Coming to a computer near you: Magnetic Memory

May 3, 2001
Magnets that remember could be the next big thing in computer memory

In read mode, a small current passes through the tunneling barrier of the memory cell. The cell resistance is measured and compared with a reference cell to determine its state (0 or 1). In write mode, a current through the trace above the free magnetic layer generates a magnetic field. The direction of the current determines the type of magnetic moment established in the free magnetic layer. The alignment or nonalignment of the two magnetic layers determines if the cell stores a 0 or a 1.

Recently, Motorola successfully demonstrated a 256-kbit magnetic RAM. The chip had a read/write cycle time of 35 nsec and consumed 24 mW at 3V. Motorola believes such chips may one day replace all existing semiconductor memories.

Some day soon, we may have trouble explaining to our kids the concept of a computer booting up. Just as vacuum-tube radios and their obligatory warm-up time now seem quaint, so too will computers with a boot up delay. Magnetic solidstate memory could make it so.

Besides promising instant-oncomputing, magnetic memorycould also hold the key to minimizing power consumption. With reduced power demands, it may wellbecome the memory of choice forthe growing number of power-hungry portable computing devices.

The attraction of MRAM
Compared to ordinary volatile semiconductor memory, magneto-resistive random access memory (MRAM) seems too good to be true. MRAM combines the three most desirable memory attributes; speed, density, and nonvolatility. This triad is the Holy Grail of computer memory, and it may well help MRAM overtake all other types of memory.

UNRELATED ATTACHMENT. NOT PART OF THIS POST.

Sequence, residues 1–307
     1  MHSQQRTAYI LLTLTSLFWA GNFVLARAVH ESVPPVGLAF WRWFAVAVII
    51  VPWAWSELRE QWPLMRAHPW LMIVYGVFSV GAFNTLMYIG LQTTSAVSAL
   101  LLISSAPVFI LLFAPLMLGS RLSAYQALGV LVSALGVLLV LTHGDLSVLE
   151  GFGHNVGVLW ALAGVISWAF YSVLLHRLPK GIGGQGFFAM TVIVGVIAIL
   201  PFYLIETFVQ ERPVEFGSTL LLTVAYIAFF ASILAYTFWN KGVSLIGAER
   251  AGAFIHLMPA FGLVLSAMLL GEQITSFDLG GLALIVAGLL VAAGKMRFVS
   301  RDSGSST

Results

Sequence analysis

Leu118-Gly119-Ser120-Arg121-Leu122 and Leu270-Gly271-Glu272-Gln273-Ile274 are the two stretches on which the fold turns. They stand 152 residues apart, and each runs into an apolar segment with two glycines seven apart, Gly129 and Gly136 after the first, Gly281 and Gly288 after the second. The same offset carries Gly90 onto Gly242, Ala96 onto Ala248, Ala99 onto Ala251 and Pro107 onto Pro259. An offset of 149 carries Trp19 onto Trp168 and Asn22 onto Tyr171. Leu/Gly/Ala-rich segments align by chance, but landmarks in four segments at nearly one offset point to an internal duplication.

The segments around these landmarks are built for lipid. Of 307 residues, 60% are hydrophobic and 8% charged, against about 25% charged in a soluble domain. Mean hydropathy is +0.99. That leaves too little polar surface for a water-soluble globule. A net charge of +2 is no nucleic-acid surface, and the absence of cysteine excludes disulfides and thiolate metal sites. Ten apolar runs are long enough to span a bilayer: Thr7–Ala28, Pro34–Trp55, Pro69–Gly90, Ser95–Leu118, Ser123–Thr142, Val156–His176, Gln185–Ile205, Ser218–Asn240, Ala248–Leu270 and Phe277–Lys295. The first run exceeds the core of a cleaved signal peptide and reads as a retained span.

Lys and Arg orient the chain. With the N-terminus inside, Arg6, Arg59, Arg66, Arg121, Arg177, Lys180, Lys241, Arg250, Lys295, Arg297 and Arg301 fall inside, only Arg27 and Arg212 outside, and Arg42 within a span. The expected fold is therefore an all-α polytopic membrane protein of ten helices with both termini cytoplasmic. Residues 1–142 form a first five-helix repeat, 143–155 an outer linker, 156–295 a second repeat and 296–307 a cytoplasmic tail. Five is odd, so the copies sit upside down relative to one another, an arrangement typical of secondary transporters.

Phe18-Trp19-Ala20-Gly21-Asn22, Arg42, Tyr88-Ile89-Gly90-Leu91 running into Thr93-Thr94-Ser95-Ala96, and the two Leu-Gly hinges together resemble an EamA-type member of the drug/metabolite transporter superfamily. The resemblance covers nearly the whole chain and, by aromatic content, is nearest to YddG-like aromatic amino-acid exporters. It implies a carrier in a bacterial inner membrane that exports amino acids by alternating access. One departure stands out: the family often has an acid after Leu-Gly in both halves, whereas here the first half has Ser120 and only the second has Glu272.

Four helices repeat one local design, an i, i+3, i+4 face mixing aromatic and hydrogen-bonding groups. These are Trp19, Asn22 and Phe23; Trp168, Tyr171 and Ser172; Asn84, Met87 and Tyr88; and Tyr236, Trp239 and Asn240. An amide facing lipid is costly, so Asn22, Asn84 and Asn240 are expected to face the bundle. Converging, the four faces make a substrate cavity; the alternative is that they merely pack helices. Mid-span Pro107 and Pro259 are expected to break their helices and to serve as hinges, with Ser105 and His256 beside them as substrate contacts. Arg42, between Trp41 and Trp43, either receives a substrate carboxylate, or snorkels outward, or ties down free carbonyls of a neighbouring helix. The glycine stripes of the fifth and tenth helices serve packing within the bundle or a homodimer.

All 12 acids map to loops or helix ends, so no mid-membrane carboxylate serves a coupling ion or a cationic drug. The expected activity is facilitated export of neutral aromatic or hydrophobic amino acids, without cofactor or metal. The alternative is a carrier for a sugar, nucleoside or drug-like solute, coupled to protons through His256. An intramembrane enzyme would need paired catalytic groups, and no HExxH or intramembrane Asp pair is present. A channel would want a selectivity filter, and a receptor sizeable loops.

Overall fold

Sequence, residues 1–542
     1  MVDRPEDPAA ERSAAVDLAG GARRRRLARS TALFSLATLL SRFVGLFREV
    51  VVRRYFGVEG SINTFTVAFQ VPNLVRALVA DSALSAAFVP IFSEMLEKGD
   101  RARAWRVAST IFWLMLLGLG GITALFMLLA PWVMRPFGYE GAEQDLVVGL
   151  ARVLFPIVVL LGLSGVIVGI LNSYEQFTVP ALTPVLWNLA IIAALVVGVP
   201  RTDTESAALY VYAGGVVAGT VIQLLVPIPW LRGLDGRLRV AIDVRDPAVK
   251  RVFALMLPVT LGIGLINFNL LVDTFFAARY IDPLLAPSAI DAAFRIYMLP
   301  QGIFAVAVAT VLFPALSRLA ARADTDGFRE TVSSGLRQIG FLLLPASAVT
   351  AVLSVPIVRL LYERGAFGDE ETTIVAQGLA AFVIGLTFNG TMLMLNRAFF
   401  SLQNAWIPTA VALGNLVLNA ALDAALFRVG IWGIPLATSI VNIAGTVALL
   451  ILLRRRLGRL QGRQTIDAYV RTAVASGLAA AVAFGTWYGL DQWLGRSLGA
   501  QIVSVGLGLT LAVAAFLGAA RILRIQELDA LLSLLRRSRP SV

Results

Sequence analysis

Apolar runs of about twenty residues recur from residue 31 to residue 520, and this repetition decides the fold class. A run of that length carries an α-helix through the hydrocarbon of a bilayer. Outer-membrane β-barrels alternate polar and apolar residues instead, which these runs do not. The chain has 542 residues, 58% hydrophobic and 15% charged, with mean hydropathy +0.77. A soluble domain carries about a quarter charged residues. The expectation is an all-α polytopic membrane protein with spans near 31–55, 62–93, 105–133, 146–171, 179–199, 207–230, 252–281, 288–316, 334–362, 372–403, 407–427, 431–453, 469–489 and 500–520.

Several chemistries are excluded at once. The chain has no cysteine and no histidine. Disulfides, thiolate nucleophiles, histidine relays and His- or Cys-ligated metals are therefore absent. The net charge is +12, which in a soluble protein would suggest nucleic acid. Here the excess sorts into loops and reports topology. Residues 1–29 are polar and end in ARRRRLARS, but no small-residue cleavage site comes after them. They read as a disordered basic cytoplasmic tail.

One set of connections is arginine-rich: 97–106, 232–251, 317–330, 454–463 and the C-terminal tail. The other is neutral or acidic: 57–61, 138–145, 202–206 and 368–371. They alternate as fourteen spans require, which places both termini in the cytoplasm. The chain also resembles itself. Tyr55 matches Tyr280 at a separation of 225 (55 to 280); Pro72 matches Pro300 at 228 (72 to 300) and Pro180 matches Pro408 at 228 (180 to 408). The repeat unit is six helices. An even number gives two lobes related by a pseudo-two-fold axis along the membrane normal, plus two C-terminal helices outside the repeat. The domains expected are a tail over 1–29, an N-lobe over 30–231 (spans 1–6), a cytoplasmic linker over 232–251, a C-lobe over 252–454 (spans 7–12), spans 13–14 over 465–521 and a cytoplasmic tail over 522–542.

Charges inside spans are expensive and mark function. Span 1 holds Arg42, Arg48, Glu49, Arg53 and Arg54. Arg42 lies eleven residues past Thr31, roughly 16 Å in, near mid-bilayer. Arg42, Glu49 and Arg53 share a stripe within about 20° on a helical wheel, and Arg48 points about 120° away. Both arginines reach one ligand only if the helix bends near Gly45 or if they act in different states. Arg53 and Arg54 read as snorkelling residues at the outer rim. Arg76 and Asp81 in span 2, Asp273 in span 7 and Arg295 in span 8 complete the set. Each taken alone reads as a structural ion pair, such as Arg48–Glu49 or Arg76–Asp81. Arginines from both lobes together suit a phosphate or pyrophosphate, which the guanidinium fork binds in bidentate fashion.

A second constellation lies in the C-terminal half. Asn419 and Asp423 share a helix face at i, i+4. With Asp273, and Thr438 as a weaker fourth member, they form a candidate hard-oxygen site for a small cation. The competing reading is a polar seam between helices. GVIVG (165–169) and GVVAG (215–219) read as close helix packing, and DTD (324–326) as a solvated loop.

MRAM employs the magnetic tunneling junction principle. It stores data as magnetic moments rather than as electrical charge. A single memory cell consists of two magnetic layers separated by an insulating layer of aluminum oxide known as the tunneling barrier. The first layer has a fixed polarization, the second does not. Polarization of the second layer changes under the influence of a magnetic field generated by an electric current. When the magnetic moments in the two layers are aligned in parallel, a low resistance results. A high resistance results when the two moments are not parallel. These two states, parallel and antiparallel, represent the 1s and 0s of data storage.

To read data, a transistor turns on and pulls current through the memory cell. The resulting voltagedrop is compared with that of a reference cell. Thecomparison determines whether the storage elementrepresents a 0 or 1.